A new brain-computer interface device decodes brain activity to figure out what someone is trying to say, and uses that data to synthesize full, audible sentences.
The device is far from perfect and the research is still in its early stages, but the device is the first to recreate a full sentence in a way that was understandable to someone else, according to Scientific American — a ray of hope for people who who've lost their ability to communicate from strokes or other conditions.
The University of California, San Francisco researchers behind the device found that trying to directly translate the brain's behavior into audible speech was too complex, according to research published in the journal Nature on Thursday.
Instead, they used artificial intelligence to correlate signals that the brain sent to participants' vocal tracts that corresponded with specific vocabulary, ultimately simulating the vocal tract's behavior to generate realistic-sounding words. In a test run, the device was able to synthesize speech while people were silently mouthing words.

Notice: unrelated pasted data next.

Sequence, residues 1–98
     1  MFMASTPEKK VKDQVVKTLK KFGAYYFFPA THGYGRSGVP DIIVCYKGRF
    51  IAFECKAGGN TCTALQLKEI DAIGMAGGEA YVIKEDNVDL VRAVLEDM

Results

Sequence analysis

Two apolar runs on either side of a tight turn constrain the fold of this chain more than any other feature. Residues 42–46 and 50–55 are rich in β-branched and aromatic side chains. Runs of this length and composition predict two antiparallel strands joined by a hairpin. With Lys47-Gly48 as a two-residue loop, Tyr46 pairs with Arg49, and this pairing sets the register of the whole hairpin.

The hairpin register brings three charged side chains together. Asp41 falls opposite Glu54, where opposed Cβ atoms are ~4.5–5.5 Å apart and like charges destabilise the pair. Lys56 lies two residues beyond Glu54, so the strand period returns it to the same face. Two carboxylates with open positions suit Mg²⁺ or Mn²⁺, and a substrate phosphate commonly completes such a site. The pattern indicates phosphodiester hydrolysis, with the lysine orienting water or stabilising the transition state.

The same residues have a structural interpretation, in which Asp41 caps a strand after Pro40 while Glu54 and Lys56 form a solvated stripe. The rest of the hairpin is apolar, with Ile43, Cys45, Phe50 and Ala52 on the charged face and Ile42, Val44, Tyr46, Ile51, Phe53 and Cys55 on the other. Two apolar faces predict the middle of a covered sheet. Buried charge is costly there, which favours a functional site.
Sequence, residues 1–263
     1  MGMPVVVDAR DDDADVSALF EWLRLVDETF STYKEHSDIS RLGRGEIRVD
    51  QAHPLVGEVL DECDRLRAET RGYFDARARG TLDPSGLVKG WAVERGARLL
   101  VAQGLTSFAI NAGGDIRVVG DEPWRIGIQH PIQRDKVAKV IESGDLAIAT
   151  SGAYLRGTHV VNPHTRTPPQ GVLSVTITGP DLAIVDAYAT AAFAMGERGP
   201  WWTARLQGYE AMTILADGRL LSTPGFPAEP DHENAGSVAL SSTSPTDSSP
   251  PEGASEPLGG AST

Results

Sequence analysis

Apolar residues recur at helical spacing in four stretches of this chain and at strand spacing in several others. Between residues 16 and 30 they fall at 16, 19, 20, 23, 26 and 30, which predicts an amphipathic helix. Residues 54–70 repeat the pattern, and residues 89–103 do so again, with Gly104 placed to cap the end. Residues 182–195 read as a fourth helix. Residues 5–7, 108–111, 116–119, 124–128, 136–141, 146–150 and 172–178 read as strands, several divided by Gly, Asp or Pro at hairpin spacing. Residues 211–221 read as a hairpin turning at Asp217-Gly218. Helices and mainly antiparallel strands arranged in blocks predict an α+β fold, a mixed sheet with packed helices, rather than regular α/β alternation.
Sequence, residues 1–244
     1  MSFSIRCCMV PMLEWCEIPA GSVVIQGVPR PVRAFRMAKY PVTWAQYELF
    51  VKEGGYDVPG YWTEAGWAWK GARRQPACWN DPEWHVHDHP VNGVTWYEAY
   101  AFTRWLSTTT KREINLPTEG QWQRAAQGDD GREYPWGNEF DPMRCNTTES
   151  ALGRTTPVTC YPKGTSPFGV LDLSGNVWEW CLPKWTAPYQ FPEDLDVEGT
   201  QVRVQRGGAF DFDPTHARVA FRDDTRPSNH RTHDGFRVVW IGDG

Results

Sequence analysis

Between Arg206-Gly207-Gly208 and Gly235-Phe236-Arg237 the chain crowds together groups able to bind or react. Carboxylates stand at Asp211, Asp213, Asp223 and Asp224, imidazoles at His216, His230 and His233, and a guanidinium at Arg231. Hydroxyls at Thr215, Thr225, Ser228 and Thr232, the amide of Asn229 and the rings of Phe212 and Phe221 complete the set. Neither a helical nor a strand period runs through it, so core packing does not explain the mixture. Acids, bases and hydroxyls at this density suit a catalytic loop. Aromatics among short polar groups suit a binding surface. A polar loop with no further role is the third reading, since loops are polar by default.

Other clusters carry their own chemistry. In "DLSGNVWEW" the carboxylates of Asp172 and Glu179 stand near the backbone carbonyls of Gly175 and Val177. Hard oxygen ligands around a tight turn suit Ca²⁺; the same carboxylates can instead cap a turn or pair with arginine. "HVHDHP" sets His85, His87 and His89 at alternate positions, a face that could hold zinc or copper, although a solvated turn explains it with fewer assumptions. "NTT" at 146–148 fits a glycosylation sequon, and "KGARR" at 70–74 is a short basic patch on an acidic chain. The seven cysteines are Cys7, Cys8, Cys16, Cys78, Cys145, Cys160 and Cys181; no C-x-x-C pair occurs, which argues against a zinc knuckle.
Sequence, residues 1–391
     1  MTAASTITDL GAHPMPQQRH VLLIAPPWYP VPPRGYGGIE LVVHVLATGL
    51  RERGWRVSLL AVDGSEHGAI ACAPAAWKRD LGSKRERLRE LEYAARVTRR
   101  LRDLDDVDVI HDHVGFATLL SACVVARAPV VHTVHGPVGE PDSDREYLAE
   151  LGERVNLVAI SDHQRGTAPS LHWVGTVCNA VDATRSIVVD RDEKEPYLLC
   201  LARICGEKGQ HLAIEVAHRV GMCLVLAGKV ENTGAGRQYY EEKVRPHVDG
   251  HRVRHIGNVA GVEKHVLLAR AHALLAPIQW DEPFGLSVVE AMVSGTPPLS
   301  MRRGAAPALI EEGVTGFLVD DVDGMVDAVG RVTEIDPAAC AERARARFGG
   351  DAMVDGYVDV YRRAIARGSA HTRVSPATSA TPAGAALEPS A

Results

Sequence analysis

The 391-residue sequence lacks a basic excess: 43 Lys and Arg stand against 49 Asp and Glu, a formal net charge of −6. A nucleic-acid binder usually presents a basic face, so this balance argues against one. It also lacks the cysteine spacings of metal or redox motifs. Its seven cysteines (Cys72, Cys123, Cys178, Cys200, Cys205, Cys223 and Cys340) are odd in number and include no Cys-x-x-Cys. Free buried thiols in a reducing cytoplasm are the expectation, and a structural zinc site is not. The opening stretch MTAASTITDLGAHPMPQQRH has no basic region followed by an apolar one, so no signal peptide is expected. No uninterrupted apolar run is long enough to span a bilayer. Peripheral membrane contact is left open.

People who listened to and tried to transcribe the machine-generated sentences misunderstood at least one word more than half the time, but the fact that they ever got it right represents progress over existing systems.
"For someone who’s locked in and can’t communicate at all, a few minor errors would be acceptable," Northwestern University neuroengineer Marc Slutzky, who has pursued similar projects, told SciAm. "Obviously you’d want to [be able to] say any word you’d want to, but it would still be a lot better than having to type out words one letter at a time, which is the [current] state of the art.”
READ MORE: Scientists Take a Step Toward Decoding Thoughts [Scientific American]
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